Home Research Canada announces $1.8 billion funding for developing countries to spur clean innovation

Canada announces $1.8 billion funding for developing countries to spur clean innovation


Canada has revealed its plans of extending nearly $1.8 billion to developing countries in a bid to encourage clean innovation by involving the private-sector in the developing economies.

The move is a part of Canada’s overall commitment of $2.65 billion to help developing countries to fight and adapt to climate change and also to enable them to pollute less. This funding is in addition to Canada’s investments in bilateral programming to help developing countries reduce greenhouse gas emissions and adapt to the impacts of climate change.

The $1.8 billion funding was announced by Minister of Environment and Climate Change  Catherine McKenna and and Marie-Claude Bibeau, Minister of International Development and La Francophonie. According to the agenda, the investment will see increased involvement of the private-sector towards research and development of clean technology, climate-smart agriculture, sustainable forestry, and climate-resilient infrastructure.

According to plans, Canada’s bilateral support will focus, in particular, on empowering women and girls, and it will align with our commitment to support the United Nations Sustainable Development Goals.

Government of Canada has said that the pledged amount will be delivering through a range of trusted partners, including multilateral development banks, with demonstrated expertise in innovative finance solutions to address climate change. Canada’s climate-finance contribution includes funds for the private sector, at the International Finance Corporation, the Inter-American Investment Corporation and the Asian Development Bank.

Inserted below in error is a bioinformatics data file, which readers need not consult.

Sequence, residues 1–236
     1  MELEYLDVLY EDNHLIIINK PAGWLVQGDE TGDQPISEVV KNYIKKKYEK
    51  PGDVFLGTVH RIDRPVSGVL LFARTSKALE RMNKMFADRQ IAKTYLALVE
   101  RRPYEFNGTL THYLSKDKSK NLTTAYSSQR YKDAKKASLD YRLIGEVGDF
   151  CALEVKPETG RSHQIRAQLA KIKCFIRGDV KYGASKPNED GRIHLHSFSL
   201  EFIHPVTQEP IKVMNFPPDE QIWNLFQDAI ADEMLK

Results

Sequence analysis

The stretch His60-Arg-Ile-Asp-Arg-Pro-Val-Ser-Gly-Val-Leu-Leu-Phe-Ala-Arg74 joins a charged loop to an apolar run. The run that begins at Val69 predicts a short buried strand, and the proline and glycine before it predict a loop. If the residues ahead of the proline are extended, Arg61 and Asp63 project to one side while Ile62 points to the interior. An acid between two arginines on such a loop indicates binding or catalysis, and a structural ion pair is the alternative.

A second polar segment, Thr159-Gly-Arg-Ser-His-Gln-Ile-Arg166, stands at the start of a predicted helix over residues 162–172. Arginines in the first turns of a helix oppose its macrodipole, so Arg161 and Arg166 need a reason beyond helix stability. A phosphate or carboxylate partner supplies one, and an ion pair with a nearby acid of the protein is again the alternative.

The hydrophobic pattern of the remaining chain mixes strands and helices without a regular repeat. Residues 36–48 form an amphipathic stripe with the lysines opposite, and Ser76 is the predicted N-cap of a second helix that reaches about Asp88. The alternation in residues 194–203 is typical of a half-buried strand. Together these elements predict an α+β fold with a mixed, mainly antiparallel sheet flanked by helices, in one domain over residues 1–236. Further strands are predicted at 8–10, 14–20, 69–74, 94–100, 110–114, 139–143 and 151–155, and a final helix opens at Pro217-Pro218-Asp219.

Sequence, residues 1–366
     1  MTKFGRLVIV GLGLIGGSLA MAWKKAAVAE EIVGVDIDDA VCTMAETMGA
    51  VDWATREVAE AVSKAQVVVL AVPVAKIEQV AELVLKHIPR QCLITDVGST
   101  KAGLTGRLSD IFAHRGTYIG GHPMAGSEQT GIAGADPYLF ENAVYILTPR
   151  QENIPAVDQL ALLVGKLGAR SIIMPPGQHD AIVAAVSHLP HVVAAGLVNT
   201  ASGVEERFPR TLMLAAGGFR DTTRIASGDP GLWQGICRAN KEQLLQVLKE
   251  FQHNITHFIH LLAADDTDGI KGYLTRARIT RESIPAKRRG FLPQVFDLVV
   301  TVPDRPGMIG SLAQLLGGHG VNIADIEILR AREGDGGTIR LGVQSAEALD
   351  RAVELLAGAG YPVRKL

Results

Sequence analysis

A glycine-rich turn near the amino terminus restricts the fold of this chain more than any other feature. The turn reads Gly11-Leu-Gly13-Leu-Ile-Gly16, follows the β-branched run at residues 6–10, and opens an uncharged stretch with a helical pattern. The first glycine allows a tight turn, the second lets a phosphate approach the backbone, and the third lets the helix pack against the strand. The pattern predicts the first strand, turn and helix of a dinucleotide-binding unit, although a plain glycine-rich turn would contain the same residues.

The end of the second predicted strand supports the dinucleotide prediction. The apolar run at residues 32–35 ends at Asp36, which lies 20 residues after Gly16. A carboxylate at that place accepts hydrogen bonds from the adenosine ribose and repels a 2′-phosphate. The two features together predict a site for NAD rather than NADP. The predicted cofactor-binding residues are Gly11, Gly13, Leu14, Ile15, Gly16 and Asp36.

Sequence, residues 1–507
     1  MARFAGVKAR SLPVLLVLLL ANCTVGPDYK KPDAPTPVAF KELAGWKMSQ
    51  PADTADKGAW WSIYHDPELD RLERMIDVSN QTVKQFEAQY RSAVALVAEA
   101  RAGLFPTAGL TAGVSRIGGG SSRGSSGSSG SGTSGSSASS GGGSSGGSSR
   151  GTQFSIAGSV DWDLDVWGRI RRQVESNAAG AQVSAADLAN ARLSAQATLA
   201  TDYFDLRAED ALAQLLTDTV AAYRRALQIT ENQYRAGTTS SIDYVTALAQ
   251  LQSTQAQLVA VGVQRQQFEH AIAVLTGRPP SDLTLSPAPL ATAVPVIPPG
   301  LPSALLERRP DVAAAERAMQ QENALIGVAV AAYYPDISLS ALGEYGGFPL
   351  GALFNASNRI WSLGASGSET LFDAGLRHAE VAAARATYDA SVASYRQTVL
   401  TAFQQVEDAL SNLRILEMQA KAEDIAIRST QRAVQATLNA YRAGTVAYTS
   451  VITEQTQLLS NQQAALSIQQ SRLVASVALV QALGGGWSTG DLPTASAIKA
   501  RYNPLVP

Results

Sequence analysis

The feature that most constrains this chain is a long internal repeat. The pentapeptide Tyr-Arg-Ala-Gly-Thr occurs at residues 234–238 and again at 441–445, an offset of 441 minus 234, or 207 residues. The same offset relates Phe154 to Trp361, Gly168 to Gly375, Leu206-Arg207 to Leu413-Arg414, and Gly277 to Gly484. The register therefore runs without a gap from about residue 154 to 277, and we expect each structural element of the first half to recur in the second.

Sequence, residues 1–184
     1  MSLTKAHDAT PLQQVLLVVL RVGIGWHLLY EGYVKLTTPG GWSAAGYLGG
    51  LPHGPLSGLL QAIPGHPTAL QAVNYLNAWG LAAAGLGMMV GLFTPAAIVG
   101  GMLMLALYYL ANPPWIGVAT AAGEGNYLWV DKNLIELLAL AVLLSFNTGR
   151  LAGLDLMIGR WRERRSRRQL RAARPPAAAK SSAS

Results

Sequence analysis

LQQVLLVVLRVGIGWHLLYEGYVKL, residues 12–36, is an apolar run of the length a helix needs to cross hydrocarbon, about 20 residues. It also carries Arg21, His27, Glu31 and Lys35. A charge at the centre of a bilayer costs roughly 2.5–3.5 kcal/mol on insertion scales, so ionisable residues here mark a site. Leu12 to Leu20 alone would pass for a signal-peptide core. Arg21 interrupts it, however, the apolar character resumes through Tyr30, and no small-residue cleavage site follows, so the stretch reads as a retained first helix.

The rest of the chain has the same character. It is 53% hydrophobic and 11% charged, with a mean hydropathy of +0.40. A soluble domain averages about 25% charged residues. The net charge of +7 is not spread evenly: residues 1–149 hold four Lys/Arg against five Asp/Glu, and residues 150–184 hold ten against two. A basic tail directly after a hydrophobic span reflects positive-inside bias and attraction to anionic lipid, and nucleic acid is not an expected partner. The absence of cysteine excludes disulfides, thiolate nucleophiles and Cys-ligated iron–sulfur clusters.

The 2009 Copenhagen Accord committed the developed world to mobilize $100 billion per year to support green growth and climate resilience in developing countries. This commitment will create tremendous opportunities for business growth and innovation as companies invest in and market clean technology.

According to the World Bank, the Paris Agreement will help open up nearly $23 trillion in new opportunities for climate-smart investments in emerging markets, between now and 2030.


  1. Is there no end to the largess of our government? We give away billions in a Country with 30,000 homeless, citizens living on Native Reserves living in abject poverty,unemployment at an unsustainable high rate,even adjusted for the gullible public, and no major projects currently given the go-ahead to ship our resources to seaports.
    And now the PM wants to put a job-killing carbon tax on all Canadians to sate the fantasists who run the global warming industry.

    Let’s rein in the spending for a while,until we see how badly in debt we will be after the next Federal budget.

  2. I am Conservative, but he is our Leader so I shall follow within reason. He might seem young and stupid but this is not the case. The world is a business and to operate it within a global matter to decrease carbon emissions is a delicate task, in case you didn’t know, people like money at any cost. We used to be a country that wasn’t so far divided with our politics, probably because we were Canadians and that’s all that mattered. If Justin can reduce carbon emissions on our planet, well then “Respect Justin” and at that point, I will regret not voting for him!

  3. More money thrown away on some useless nonsense instead of coming of with real science. Right now it’s no more mothers and fathers in Ontario, birthgivers with drugs & LGBT kids washrooms. No mayor in Canada allowed to pray to God in council, Christian law colleges disbarred. Money spent on Latvia instead of seeing Putin reaching for Trump’s Olympic Torch and science via Versailles chandelier. Trudeau is dead to French culture, a hipster smoking his joint and pushing this madcap lifestyle. Egotistical photo-ops without any substance. CANEXIT.


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